GBA Logo horizontal Facebook LinkedIn Email Pinterest Twitter Instagram YouTube Icon Navigation Search Icon Main Search Icon Video Play Icon Plus Icon Minus Icon Picture icon Hamburger Icon Close Icon Sorted

Community and Q&A

Heated Post Frame Shop

Adam Emter - Zone 7a | Posted in Plans Review on

Hi all,

I build small homes and cabins (under 400sqft) on my property. I have room to build a 40x96x14 shop so that I can build the units inside. The shop will be heated to around 55 degrees (never higher than 60) during our winters. I have no plans to air condition in the summer. Live in Zone 6, central North Dakota. I’m leaning toward post frame construction with 5″ slab-on-grade concrete floor. The slab will be insulated below with high-density EPS foam. I will also run 24″ vertical insulation below grade on the edges of the slab and 24″ horizontal insulation, to protect the slab from frost. Heating will be in-slab radiant.

My wall plan (from exterior to interior) is:
36″ ribbed steel panels
1×4 horizontal furring strips
2″ r-tech EPS foam, detailed as WRB with taped seams
2×6 bookshelved girts, filled with r-19 fiberglass
OSB, detailed as air barrier with taped seams

Roof will be:
36″ ribbed steel panels
synthetic underlayment approved for use under metal
5/8″ OSB
blown cellulose on the attic floor
OSB, detailed as air barrier with taped seams

The roof will be vented with passive gable vents. The only openings will be a 18×14 double sliding door and a 36″ walk-through door. There will be no windows and no plumbing in the building. I will be doing most of the construction myself and will oversee the entire project, so I can ensure that insulation and air-sealing details are followed. I know post-frame buildings can be difficult to insulate and air-seal, but I know it’s possible.

My questions are:
Can I use the r-tech exterior foam as an air barrier, in addition to WRB?
Is the 2″ of exterior EPS foam enough to keep the wall dry?
Are there major issues that I’m overlooking?

I appreciate your thoughts!

GBA Prime

Join the leading community of building science experts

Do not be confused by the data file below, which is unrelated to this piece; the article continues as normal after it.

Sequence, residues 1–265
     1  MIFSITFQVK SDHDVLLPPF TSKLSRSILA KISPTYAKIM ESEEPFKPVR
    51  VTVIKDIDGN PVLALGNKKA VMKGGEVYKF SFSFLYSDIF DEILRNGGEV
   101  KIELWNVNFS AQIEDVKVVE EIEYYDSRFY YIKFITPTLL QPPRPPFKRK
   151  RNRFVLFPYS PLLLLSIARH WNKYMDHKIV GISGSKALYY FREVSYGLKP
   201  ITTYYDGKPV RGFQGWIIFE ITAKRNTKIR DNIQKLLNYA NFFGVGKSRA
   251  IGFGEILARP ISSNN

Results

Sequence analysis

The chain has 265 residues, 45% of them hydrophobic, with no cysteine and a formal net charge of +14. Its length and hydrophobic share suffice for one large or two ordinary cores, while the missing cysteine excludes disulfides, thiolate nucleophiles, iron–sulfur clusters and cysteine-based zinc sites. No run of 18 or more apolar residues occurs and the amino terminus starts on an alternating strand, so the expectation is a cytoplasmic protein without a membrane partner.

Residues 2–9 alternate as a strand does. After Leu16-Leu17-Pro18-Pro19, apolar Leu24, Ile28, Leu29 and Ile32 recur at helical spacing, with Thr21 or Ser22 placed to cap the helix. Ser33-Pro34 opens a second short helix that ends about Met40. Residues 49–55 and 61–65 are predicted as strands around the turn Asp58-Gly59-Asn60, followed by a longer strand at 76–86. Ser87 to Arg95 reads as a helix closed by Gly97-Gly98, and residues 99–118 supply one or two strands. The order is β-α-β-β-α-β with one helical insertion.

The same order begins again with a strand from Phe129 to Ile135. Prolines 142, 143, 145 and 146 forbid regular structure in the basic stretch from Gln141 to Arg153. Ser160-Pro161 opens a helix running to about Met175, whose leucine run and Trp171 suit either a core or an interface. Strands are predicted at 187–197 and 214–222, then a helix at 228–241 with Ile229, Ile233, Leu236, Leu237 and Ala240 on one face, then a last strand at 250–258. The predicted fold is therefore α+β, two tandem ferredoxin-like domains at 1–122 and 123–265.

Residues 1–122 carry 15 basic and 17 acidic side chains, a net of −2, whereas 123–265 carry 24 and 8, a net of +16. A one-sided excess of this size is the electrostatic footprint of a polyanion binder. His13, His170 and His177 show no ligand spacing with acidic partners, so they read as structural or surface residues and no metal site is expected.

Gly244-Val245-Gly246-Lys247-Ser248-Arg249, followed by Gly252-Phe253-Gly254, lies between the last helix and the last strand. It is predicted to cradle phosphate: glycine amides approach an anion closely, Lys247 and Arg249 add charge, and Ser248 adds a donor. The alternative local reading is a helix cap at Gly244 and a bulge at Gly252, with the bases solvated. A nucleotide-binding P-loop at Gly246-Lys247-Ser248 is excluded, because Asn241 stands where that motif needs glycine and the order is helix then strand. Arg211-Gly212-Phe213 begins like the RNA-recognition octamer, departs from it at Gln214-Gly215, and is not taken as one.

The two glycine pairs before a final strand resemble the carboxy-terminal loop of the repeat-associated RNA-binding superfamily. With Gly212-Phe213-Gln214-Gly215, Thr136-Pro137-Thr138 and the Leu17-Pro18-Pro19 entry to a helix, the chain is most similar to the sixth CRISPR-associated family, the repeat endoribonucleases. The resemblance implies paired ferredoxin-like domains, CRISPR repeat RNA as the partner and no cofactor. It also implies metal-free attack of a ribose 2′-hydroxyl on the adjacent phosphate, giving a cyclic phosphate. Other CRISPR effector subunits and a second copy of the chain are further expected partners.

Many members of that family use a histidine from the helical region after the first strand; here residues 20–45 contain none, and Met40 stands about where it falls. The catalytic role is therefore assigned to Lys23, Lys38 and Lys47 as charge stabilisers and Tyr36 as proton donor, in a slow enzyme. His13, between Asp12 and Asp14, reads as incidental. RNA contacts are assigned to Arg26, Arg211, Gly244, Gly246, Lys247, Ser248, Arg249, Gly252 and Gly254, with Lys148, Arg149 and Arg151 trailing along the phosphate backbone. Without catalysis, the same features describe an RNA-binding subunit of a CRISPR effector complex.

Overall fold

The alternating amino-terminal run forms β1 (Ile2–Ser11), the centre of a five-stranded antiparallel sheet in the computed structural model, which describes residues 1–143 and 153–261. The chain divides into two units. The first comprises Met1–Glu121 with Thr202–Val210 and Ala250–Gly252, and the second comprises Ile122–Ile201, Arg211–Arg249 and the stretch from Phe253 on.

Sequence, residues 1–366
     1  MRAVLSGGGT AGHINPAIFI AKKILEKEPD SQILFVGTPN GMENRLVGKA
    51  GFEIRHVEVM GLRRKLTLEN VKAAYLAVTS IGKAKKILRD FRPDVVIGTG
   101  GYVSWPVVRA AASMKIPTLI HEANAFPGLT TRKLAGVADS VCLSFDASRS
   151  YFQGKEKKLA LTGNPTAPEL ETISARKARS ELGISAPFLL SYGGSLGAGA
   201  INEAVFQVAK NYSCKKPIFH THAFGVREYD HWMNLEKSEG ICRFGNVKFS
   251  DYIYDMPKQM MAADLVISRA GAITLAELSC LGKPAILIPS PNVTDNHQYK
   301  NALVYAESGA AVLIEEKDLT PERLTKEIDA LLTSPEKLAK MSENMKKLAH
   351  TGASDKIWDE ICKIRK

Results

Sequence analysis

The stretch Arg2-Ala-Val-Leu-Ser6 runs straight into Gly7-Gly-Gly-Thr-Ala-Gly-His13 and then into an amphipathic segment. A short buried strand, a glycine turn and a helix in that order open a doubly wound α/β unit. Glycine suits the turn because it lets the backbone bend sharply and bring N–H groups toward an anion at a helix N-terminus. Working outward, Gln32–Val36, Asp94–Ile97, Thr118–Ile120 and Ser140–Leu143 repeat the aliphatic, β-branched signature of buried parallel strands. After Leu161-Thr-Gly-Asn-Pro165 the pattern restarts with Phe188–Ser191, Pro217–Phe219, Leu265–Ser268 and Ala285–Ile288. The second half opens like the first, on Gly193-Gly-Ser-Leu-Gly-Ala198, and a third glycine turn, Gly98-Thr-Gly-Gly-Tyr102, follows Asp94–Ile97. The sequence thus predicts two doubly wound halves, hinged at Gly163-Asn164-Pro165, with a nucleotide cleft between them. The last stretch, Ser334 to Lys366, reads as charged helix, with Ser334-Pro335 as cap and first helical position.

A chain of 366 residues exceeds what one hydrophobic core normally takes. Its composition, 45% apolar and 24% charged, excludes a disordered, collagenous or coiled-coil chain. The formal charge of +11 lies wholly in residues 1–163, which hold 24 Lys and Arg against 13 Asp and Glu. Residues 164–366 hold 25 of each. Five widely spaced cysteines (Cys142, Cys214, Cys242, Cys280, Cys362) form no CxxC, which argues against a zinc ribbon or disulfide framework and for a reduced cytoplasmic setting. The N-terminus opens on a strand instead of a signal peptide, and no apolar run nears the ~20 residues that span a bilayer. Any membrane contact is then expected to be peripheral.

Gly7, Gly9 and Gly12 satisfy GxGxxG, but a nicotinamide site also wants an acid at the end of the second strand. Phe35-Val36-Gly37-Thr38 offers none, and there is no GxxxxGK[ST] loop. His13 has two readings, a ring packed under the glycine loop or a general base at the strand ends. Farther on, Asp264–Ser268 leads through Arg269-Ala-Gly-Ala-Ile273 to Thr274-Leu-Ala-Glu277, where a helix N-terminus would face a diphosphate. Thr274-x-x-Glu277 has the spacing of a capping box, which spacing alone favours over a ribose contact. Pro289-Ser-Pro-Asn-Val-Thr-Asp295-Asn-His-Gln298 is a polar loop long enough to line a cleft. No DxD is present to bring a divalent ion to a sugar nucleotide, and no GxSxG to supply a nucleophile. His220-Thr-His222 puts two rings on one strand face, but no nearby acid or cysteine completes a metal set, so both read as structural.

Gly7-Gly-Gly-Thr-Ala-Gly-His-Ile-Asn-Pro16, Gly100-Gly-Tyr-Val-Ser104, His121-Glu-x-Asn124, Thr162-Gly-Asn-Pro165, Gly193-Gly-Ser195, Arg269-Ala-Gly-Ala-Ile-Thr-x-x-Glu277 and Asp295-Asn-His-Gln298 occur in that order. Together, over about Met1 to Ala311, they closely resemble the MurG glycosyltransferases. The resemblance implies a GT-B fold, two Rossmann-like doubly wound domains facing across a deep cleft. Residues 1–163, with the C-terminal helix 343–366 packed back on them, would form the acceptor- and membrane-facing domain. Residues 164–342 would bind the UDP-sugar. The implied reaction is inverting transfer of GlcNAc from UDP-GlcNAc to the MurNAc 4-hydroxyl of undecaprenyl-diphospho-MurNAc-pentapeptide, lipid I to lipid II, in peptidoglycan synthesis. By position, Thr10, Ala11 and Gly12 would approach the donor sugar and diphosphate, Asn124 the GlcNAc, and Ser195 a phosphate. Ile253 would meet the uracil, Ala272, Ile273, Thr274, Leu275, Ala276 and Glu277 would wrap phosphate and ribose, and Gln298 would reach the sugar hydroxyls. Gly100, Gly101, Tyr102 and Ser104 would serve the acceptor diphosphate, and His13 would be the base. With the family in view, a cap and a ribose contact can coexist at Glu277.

Become a GBA Prime member and get instant access to the latest developments in green building, research, and reports from the field.


  1. GBA Editor
    Martin Holladay | | #1

    If you live in Climate Zone 6 in central North Dakota, you must be very close to the border of Zone 7.

    In Zone 6, the minimum R-value for your wall foam is R-11.25.

    In Zone 7, the minimum R-value for your wall foam is R-15.

    You have specified rigid foam with an R-value of R-7.7, which is nowhere near enough. (This document lists the R-value of R-Tech EPS as R-3.85 per inch. The data sheet has a lot of information that I call obfuscatory; what you are looking for is the R-value per inch at 75 degrees F. It's listed there -- you just have to hunt for it. The number is R-3.85 per inch.)

    For more information on this issue, see Calculating the Minimum Thickness of Rigid Foam Sheathing.

  2. GBA Editor
    Martin Holladay | | #2

    Q. "Can I use the R-Tech exterior foam as an air barrier, in addition to WRB?"

    A. Probably, although you have to consider the issue of possible rigid foam shrinkage. For more on this issue, see Using Rigid Foam As a Water-Resistive Barrier.

    Q. "Is the 2 inches of exterior EPS foam enough to keep the wall dry?"

    A. As I noted in my first response, the answer to this question is no.

  3. Adam Emter - Zone 7a | | #3

    Thank you for the reply, Martin.

    Question regarding minimum thickness of rigid exterior foam: Does the calculation take into account the fact that this shop will be used as a semi-heated space? I will be around 15 degrees less interior temperature and therefore my dewpoint will be lower on the interior. Not sure if that would make an impact on the possibility of warm side condensation.

  4. GBA Editor
    Martin Holladay | | #4

    You are correct that cooler air indoors, and lower humidity indoors, will lower the risk of condensation problems for these walls. However, here's my philosophy of building design: It never makes sense to choose a risky wall assembly. The building may stand for 60 or 100 years, and you have no idea how the building will be used in the future. It's better to choose robust wall assembly details, in case someone turns the building into a mother-in-law apartment.

  5. Adam Emter - Zone 7a | | #5

    Again, thank you. I do agree with your philosophy. At this point, I guess I would have to spec 2 layers of rigid foam, taping the exterior layer as a WRB. I'm not sure this is cost-effective for me at this point, so now I'm thinking about this wall assembly, which is much more simple, but not as efficient.

    36" ribbed steel panels
    7/16" Forcefield sheathing, with taped seams
    2x6 bookshelved girts, filled with r-19 fiberglass
    OSB, detailed as air barrier with taped seams

    I know the efficiency of this wall is much less than that with exterior foam, but do you think it will be acceptable from an air-sealing perspective?

  6. GBA Editor
    Martin Holladay | | #6

    You can certainly make the wall assembly Passivhaus-tight if you want. All you have to do is to pay attention to potential air leaks, and seal seams very carefully.

Log in or create an account to post an answer.


Recent Questions and Replies

  • |
  • |
  • |
  • |